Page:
by Kelly Kent, Director of the National Housing Initiative for SAGE. For more information on SAGE’s National LGBT Elder Housing Initiative, visit http://www.sageusa.org/lgbthousing/ or contact Kelly at email@example.com.
A growing proportion of our population is reaching retirement age in the coming years. Baby boomers, those born between the years of 1946 and 1964, began turning 65 in 2011. The age group 65 and older makes up the largest age group in the US and is growing at a faster rate than any other age group. Harvard’s Joint Center for Housing Studies (JCHS) released a report in 2016, which found that “over the next twenty years, the population.... Read More
Ships, Bridges, and Barriers: My Family in California
My grandfather passed through the Golden Gate — where the Golden Gate Bridge would later be constructed — in October 1903. He was on a ship from Japan that had stopped in Honolulu. The ship’s manifest notes that he was none of the following: an anarchist, a polygamist or a cripple.
My grandfather arrived in the time between the Chinese Exclusion Act of 1882 and the Immigration Act of 1924 (which included the Asian Exclusion Act and the National Origins Act). By 1924 the U.S. government had completely blocked the immigration of people it deemed undesirable including Asians, Arabs, people with disabilities, formerly incarcerated people, people with a history of physical or mental health issues, and the poor — along.... Read More
New Report: LGBT Older Adults Face Unique Challenges to Successful Aging
The Movement Advancement Project (MAP) and SAGE have just released a report, Understanding Issues Facing LGBT Older Adults, which aims to increase awareness of the diverse needs of lesbian, gay, bisexual, and transgender (LGBT) elders across the country. The report offers a comprehensive look into the experiences of LGBT elders, highlighting the challenges they face across a wide range of topics from health care to financial security and community support, and their resilience in the face of these challenges.
As America’s population rapidly ages (the number of people over 65 will double by 2050) so too do LGBT adults. Currently, there are more than 2.7 million LGBT adults aged.... Read More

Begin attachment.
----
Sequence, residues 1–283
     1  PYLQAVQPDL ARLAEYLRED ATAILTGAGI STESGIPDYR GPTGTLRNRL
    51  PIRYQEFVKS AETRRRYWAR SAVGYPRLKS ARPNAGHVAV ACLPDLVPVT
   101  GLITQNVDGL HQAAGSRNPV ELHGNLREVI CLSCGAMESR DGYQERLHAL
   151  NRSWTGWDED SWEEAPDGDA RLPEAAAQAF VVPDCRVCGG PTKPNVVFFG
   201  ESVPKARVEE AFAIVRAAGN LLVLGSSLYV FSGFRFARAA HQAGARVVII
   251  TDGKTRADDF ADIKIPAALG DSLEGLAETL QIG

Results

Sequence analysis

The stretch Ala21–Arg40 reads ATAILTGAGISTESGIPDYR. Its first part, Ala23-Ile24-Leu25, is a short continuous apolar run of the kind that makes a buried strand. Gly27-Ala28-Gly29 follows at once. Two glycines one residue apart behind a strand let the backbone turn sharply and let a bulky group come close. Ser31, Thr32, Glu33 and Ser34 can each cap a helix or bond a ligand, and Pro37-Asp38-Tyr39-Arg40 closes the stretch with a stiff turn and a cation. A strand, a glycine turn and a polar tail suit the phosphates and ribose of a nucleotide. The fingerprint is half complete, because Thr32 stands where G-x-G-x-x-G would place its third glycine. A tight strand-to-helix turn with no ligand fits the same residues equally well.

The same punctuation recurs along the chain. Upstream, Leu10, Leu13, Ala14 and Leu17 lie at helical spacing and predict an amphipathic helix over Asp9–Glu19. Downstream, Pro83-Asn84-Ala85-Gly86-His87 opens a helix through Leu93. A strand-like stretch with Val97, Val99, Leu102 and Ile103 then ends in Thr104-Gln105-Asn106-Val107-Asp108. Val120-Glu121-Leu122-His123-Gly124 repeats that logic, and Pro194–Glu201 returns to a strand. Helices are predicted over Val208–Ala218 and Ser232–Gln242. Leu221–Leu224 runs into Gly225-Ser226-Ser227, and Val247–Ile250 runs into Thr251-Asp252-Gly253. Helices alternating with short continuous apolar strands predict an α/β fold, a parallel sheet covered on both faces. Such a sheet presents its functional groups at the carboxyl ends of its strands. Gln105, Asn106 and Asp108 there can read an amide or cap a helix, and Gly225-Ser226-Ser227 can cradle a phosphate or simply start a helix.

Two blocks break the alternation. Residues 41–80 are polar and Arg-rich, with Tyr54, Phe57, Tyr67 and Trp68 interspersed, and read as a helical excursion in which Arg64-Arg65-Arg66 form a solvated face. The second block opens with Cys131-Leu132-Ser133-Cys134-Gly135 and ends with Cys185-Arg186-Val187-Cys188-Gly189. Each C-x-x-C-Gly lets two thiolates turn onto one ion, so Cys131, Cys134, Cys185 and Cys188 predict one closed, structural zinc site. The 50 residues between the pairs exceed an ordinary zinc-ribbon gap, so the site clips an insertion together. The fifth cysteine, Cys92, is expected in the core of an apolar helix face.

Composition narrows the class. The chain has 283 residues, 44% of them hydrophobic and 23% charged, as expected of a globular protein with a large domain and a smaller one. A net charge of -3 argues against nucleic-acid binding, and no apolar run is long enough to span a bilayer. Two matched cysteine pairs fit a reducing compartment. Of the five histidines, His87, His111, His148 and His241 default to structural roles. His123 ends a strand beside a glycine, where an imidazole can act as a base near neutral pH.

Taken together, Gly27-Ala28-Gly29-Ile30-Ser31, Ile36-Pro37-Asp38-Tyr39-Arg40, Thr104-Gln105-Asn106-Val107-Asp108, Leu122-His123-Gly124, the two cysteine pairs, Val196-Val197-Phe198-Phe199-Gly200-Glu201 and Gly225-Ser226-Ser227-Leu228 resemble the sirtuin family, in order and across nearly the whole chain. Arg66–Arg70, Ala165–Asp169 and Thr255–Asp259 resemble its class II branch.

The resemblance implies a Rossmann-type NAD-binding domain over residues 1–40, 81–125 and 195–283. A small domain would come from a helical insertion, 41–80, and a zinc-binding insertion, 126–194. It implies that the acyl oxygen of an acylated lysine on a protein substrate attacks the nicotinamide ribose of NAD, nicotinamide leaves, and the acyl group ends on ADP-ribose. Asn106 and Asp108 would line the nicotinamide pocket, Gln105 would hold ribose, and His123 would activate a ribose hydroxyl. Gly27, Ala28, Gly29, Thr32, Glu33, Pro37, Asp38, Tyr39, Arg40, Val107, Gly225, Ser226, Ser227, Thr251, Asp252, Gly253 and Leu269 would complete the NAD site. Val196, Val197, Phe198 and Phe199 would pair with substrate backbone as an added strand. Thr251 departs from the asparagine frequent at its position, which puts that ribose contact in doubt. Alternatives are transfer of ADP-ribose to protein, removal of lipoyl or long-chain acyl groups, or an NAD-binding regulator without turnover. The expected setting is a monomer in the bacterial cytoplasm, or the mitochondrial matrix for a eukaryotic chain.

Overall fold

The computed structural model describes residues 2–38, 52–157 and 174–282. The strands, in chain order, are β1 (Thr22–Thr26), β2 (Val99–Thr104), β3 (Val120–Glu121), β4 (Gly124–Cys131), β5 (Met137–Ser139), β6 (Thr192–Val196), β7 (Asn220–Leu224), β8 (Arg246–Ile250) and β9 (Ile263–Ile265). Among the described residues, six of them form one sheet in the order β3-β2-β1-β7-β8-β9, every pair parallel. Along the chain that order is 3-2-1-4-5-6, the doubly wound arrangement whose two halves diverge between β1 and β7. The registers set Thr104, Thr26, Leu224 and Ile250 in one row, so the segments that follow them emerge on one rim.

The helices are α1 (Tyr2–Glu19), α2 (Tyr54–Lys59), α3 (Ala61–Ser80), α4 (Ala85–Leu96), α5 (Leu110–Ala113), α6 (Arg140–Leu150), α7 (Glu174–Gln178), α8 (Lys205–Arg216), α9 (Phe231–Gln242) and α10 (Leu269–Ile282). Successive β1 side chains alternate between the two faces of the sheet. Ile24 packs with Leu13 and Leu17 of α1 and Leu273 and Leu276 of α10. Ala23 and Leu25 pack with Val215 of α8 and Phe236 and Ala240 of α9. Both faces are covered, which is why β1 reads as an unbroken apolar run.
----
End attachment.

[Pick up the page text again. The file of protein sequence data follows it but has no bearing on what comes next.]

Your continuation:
According to the U.S. Census Bureau (2016), it is expected that by the year 2033 the population of older adults will outnumber people younger than 18 in the United States. With the life expectancy of older adults increasing, we must continue educating and informing this population on maintaining a healthy quality of life. Many older adults continue to be independent, expressing their basic needs, and engaging in and enjoying sexual relationships.
Aging is a natural process of life, and it is normal for the body to go through physiological and emotional changes, such as cognitive loss, and even higher vulnerability to diseases. However, basic needs, such as intimacy,.... Read More
Last month, India Home participated in the 2017 South Asian Americans Leading Together (SAALT) Summit in Washington, DC. India Home Deputy Director Lakshman Kalasapudi and Case Manager Afroditi Shah Panna joined over 300 activists, organizations, students, and community members from across the country who had come together to raise their voices on a range of issues important to South Asian communities.
Suman Raghunathan, Executive Director of SAALT, explained the thinking behind the Summit: “Our communities continue to live in various states of shock as a panorama of hate violence, civil rights violations, and anti-immigrant policies continue to impact South.... Read More